An early spring shower taps onto an 8×8 white canopy tent that stands at the top of a small hill, at the far south end of Martin Luther King Park in Indianapolis. The former intersection of 17th and Broadway streets.
Soon various politicians and dignitaries, including Indianapolis Mayor Hogsett, will huddle beneath the tent to dedicate a large steel plaque and banners – marking a brief, but significant moment in history.
A moment of leadership, on an awful night, that is very much relevant in our age of lesser leaders.
April 4, 1968: the night then presidential candidate Robert F. Kennedy revealed to an unknowing African American crowd that Martin Luther King had been assassinated in Memphis, TN.
The TV crews have hurried up the hill, forming their video battle line. Tripods set, microphones on and cameras recording the usual speeches and remarks made by those who may know history, but have not necessarily lived it.
Behind the cameras, among the spectators, stands a tall, slender man of African descent. He listens intently, respectfully while deflecting the rain from a co-worker with a borrowed umbrella.
Abie Robinson listens as a senior program coordinator for Indy Parks. Fifty years early, on a blustery April night, a much younger Robinson, fresh out of the Navy, stood on the very same corner of 17th and Broadway.
An angry black man, searching for racial justice in a racially unjust nation.
Robinson belonged to a civic group that would gather to discuss issues important to the civil rights movement. There he learned Senator Kennedy would be speaking in Indianapolis.
“I wanted to hear what he had to say,” Robinson said. “I guess I compared him to his brother (President John Kennedy).”
Robinson never got to hear Robert Kennedy’s original speech.
While traveling from Muncie to Indianapolis, Kennedy learned that Martin Luther King had been shot and killed. Campaign workers, including civil rights activist Congressman John Lewis, advised against speaking. Indianapolis police would not guarantee his safety.
Senator Kennedy chose, despite the warnings, to address outdoor rally of approximately 2000 supporters.
The mostly impromptu speech was less than five minutes that borrowed from Aeschylus, was credited with preventing violence in the city.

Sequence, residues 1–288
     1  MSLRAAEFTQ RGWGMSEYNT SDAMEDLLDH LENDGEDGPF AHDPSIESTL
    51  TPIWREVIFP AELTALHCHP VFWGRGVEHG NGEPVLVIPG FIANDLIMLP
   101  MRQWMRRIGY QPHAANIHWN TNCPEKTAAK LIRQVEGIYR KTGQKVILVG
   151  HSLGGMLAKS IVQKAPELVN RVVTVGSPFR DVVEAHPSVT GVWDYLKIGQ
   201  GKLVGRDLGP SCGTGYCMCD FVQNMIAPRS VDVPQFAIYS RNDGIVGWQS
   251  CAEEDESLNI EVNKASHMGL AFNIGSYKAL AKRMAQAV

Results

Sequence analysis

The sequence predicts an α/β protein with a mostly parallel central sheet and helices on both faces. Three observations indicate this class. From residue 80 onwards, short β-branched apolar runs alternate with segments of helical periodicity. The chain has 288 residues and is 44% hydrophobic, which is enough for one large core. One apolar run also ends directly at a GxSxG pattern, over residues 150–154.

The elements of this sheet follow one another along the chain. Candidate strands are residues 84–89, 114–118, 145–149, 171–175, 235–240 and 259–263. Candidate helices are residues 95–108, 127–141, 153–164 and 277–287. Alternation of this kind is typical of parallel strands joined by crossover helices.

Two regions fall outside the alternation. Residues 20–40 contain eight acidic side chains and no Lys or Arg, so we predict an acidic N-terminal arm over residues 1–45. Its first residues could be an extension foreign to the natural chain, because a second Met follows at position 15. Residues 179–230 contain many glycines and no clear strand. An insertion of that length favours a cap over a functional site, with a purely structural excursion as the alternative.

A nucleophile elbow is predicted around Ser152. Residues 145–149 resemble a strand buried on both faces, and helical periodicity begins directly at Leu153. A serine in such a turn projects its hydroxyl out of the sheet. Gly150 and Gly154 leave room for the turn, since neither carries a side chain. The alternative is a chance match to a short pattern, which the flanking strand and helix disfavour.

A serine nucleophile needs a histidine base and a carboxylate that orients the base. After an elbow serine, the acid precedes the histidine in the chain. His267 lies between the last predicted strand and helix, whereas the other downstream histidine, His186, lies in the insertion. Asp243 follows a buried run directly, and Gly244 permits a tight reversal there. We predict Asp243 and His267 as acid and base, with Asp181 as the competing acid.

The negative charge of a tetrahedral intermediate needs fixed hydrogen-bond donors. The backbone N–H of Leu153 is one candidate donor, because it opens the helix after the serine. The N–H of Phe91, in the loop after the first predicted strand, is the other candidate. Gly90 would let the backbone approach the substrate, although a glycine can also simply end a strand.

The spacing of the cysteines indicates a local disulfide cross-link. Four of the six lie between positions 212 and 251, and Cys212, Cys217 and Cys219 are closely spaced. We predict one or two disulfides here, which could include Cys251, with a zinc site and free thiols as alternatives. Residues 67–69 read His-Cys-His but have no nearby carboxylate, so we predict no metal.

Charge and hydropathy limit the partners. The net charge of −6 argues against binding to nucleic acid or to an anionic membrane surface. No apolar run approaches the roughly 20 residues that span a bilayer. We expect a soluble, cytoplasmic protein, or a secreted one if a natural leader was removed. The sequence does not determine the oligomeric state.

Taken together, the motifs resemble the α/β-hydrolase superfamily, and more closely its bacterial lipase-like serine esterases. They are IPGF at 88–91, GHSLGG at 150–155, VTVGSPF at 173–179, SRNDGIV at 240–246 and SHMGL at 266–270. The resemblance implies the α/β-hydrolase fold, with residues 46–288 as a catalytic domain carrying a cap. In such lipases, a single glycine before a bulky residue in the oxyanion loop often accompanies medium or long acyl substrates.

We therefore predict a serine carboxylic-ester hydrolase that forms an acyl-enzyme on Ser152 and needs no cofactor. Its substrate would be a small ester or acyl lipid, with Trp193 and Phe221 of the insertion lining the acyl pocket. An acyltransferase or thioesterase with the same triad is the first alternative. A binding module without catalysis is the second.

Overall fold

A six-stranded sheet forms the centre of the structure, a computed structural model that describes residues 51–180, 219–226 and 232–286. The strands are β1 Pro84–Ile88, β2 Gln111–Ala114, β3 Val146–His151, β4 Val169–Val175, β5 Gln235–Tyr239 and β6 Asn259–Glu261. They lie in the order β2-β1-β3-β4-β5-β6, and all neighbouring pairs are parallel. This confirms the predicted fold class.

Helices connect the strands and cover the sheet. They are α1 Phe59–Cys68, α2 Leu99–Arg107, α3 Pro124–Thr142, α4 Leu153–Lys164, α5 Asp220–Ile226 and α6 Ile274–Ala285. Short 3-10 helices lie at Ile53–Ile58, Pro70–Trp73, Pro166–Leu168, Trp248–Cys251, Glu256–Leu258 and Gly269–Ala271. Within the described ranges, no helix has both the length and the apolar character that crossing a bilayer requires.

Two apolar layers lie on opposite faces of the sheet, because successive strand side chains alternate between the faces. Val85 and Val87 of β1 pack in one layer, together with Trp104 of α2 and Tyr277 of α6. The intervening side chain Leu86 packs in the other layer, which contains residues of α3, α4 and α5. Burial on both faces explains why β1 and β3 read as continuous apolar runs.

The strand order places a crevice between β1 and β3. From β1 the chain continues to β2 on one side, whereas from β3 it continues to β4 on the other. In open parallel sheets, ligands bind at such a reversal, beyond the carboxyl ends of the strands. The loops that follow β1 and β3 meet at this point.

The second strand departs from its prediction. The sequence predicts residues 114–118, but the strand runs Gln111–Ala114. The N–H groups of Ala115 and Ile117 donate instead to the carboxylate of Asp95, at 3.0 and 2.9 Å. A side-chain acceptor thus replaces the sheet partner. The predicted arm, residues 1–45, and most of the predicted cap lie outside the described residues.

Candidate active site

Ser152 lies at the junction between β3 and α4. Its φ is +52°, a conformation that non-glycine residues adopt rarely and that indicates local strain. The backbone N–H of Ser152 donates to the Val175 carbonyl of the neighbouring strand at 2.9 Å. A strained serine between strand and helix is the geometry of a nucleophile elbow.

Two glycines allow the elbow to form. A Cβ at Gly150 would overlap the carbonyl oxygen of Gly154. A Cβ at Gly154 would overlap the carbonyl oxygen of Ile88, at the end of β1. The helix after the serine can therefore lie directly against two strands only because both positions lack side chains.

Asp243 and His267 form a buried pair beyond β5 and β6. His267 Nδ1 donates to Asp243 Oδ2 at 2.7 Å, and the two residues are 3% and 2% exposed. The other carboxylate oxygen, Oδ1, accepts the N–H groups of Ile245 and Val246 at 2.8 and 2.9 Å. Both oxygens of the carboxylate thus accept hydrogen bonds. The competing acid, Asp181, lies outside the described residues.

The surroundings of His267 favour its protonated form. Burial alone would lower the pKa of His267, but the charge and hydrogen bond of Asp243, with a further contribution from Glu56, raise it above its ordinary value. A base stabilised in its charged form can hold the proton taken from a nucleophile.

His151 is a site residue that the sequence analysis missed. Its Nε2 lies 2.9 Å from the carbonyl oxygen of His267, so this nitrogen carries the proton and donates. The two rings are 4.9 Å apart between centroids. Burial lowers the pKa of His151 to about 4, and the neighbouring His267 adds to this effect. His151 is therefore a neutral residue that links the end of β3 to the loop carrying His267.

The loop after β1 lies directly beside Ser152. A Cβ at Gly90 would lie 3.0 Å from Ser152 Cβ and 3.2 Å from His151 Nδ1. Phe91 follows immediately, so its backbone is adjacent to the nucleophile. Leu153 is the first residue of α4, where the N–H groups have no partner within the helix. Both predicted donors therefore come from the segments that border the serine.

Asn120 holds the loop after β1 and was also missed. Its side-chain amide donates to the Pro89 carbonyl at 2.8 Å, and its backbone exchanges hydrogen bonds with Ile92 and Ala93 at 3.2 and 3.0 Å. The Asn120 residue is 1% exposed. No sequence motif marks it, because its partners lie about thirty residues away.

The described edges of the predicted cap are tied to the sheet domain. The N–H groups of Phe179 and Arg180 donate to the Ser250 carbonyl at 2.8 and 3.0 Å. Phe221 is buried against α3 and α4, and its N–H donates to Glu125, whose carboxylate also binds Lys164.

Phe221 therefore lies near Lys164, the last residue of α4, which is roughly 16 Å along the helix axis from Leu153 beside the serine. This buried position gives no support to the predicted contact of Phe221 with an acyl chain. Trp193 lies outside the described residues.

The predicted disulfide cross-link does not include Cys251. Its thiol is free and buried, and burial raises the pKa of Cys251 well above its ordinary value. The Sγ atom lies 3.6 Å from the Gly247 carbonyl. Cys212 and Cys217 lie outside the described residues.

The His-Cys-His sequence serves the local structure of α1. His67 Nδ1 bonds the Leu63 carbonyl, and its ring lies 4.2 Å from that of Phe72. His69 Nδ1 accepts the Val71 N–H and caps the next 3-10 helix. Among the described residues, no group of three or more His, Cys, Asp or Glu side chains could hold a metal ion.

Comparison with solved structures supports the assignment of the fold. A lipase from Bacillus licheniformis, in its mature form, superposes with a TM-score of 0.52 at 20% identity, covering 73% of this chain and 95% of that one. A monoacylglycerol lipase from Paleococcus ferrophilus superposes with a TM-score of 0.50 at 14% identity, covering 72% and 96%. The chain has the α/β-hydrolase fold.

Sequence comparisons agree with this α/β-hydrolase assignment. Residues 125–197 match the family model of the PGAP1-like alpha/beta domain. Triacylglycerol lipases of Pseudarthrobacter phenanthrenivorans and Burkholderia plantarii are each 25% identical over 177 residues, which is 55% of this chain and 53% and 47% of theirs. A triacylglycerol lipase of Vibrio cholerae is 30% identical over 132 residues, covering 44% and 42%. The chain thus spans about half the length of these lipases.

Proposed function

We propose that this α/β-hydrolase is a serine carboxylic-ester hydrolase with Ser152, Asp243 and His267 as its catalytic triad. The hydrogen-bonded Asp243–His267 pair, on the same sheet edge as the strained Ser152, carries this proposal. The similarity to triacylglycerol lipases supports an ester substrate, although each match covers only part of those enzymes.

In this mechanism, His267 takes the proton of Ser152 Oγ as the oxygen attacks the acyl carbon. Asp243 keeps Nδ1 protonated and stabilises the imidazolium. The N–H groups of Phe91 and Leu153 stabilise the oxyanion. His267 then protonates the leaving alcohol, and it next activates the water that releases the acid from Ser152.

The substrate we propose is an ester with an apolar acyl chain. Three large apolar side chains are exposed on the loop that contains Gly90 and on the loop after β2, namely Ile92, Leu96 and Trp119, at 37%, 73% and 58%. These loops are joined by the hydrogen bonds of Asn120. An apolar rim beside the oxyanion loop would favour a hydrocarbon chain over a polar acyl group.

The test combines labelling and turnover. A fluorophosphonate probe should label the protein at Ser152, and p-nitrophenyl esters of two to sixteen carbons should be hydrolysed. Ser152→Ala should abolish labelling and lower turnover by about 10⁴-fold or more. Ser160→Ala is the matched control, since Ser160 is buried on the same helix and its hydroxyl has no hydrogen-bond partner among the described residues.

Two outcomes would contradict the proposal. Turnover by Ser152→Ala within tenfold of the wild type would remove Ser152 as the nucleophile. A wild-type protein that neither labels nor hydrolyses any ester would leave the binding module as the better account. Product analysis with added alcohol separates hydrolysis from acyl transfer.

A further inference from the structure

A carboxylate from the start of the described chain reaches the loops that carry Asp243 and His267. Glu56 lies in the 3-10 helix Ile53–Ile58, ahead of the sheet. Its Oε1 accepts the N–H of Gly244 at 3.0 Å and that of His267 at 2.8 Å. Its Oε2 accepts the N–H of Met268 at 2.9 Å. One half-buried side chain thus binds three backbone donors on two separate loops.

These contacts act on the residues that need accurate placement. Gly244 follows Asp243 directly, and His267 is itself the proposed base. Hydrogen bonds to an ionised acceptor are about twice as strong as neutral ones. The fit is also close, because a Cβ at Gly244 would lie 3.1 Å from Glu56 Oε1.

“And even in our sleep, pain which cannot forget falls drop by drop upon the heart, until in our own despair, against our will, comes wisdom through the awful grace of God.” ~ Aeschylus
As Kennedy announced King’s death, Robinson’s emotions transformed from shock to anger.
“I was angry, I was hurting,” Robinson said. “I was 24 years old…just coming home from the Navy, knowing how this country treated us…
I just wanted to do something, but during the course of that short speech it reminded me of the words of Martin Luther King – only love can destroy hate.”
Despite riots breaking out across the nation, including surrounding metropolitan areas of Chicago, Cincinnati and Louisville, Indianapolis residents did not resort to violence.
“I came to a moment of understanding, what we don’t need is violence. What we need is peace, understanding, love,” Robinson said. “Understanding that an individual makes a choice… are you going to be positive or negative?”
The dedication is over. The politicians and dignitaries have moved on to the next speech. The TV crews, off to the next headline.
Robinson still carries this understanding with him as he scurries about the campus with the agility of someone less than half his age, checking his cell phone for which of two aerobics classes he has coming today as he tears down the small white canopy tent that just a while ago was the center of many caring reflections.
At 73, Robinson sees his own youth becoming too distant from the youth of today.
The class of ’63 Arsenal Technical High School grad has lived a great deal of history and wants to share it in order to keep that history from being repeated.
“Fifty years later I see the things in my life that happened and allow me to be in the position to strive to life a life that is worthy of his (King’s) sacrifice,” Robinson concluded.
As a sailor aboard the first nuclear powered aircraft carrier, USS Enterprise, Robinson learned of President Kennedy’s death. In Vietnam he witnessed the human cost of fighting a war for the wrong reasons.
His first civil rights protest came as a child, when he marched against the old Riverside Amusement Park’s policy of only letting blacks in one day a year.
The 24-year old activist attended church, Black Panther, and civic meetings, all with the hope of bettering his own and his people’s lives through social justice.
Then, on a hopeful night in April he learned that hope of a movement had been murdered, but the dream didn’t need to die. It was then that Abie Robinson gained his own wisdom through the awful grace of God.